Mumbai: Capital market regulator Securities and Exchange Board of India (Sebi) on Thursday rejected the application of MCX Stock Exchange Ltd (MCX-SX) to run bourses trading various products, including stocks and equity derivatives, saying that it wasn’t in “the interest of trade and public interest to allow the application”.
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The exchange will appeal to the Securities Appellate Tribunal (SAT) against the decision, according to an exchange official familiar with developments.
MCX-SX is promoted by Multi-Commodity Exchange of India Ltd (MCX) and Financial Technologies India Ltd (FTIL), which hold 5% equity each and warrants amounting to economic interest of another 60%. The warrants are convertible into equity shares any time after the completion of six months from the date of allotment and are also freely transferable. But they do not carry voting rights. On conversion, they will become equity shares and rank on par with existing stock in all respects.
The application was rejected on the grounds that MCX-SX had violated Manner of Increasing and Maintaining Public Shareholding in Recognized Stock Exchanges (Mimps) rules, under which promoters are restricted to a 5% stake. The exchange will still be able to continue with currency trading activity.
“The concentration of economic interest in a recognized stock exchange in the hands of two promoters is not in the interest of a well-regulated securities market,” K.M. Abraham, whole-time member of Sebi, said in a 68-page order. “The applicant is not fully compliant with Mimps regulations as substitution of shares by warrants is an attempt to work around the requirements of the regulation.”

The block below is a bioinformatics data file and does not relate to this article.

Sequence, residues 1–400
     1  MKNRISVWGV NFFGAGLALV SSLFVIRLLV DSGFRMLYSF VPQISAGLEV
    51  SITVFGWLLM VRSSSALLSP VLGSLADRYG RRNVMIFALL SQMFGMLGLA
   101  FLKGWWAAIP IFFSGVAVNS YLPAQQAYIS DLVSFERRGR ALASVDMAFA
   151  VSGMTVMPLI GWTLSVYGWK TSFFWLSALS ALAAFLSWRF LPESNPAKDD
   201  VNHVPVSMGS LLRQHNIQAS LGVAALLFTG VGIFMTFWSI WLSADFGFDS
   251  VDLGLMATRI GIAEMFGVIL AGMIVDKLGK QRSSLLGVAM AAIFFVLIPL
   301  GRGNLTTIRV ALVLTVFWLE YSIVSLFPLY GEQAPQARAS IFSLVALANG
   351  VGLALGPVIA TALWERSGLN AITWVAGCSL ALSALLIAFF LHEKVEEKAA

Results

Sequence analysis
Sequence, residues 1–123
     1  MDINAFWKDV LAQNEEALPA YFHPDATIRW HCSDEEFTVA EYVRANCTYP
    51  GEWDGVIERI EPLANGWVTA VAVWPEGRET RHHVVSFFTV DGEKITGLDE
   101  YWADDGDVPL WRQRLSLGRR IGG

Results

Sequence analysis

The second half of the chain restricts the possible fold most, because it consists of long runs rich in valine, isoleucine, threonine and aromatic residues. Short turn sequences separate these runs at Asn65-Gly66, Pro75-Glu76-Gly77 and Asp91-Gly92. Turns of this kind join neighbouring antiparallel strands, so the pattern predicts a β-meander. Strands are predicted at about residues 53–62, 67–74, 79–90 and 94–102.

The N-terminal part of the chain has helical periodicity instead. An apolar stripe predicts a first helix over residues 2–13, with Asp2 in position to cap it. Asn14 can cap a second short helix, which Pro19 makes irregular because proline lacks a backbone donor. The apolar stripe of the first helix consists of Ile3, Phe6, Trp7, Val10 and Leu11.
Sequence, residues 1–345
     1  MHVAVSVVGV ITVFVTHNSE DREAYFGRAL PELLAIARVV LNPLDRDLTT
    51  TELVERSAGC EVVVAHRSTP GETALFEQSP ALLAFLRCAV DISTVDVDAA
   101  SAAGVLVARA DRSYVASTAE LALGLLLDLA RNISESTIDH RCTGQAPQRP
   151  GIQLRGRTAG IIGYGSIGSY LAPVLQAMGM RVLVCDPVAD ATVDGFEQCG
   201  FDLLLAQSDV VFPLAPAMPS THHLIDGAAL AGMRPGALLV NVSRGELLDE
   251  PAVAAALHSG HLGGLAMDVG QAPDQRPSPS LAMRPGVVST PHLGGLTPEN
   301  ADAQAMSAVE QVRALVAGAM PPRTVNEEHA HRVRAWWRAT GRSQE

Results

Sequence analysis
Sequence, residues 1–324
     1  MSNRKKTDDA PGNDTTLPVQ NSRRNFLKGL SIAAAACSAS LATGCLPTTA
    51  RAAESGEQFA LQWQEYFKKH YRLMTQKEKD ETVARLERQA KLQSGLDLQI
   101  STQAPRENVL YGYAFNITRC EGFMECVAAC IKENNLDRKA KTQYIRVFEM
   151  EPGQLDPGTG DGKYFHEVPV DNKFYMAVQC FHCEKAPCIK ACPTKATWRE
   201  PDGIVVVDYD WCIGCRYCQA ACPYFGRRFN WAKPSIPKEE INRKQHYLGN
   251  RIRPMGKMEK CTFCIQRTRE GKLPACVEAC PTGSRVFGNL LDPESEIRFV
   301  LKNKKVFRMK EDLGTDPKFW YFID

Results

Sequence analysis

Sebi also found MCX-SX to be “dishonest in withholding material information on arrangements regarding the ownership of shares of its shareholders.” It also held that the promoters “are persons acting in concert and can’t hold more than 5% equity shares of a recognized stock exchange.”
It also took serious exception to the buyback arrangements that MCX-SX had entered into with some shareholders.
MCX-SX was critical of the decision. “We are sad to see the continuation of the same bias and injustice as we have seen hitherto in the order passed by Sebi today. Despite the undertakings given to Sebi as per the order of Bombay high court, submitting legal opinions on the scheme of capital reduction and the submissions made in our reply to the notice of Sebi, it has still upheld the allegations mentioned in the notice,” it said.
The exchange had found fault with the regulator in its response to a Sebi notice sent on 17 September, extracts of which were made available to Mint, saying the watchdog’s officials were associated too closely with the National Stock Exchange (NSE).
“When the above is seen in the backdrop of C.B. Bhave (the Sebi chairman) being former MD (managing director) and CEO (chief executive officer) of NSDL (National Securities Depository Ltd), a company promoted by NSE, it appears there is direct conflict of interest and the treatment given to MCX-SX qua NSE further prove the circumstances,” the response said.
MCX-SX said it was studying the order and will take appropriate measures in consultation with lawyers. “We have confidence and respect in the resilience of our judiciary and the appellate forums, and are sure that justice will be done to us in the near future. Until such time, we’d continue to work on our currency derivative segment.”
Lawyers said the order could have a significant impact on the exchange’s operations and reputation.